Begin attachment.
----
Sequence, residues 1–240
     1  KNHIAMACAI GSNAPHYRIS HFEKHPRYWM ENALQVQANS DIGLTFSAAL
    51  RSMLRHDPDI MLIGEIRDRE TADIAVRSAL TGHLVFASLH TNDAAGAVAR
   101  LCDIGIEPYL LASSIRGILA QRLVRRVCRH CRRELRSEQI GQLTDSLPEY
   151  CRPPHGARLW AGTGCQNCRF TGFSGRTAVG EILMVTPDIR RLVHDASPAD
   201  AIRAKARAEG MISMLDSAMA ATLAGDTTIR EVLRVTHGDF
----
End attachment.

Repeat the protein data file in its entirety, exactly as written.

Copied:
Sequence, residues 1–240
     1  KNHIAMACAI GSNAPHYRIS HFEKHPRYWM ENALQVQANS DIGLTFSAAL
    51  RSMLRHDPDI MLIGEIRDRE TADIAVRSAL TGHLVFASLH TNDAAGAVAR
   101  LCDIGIEPYL LASSIRGILA QRLVRRVCRH CRRELRSEQI GQLTDSLPEY
   151  CRPPHGARLW AGTGCQNCRF TGFSGRTAVG EILMVTPDIR RLVHDASPAD
   201  AIRAKARAEG MISMLDSAMA ATLAGDTTIR EVLRVTHGDF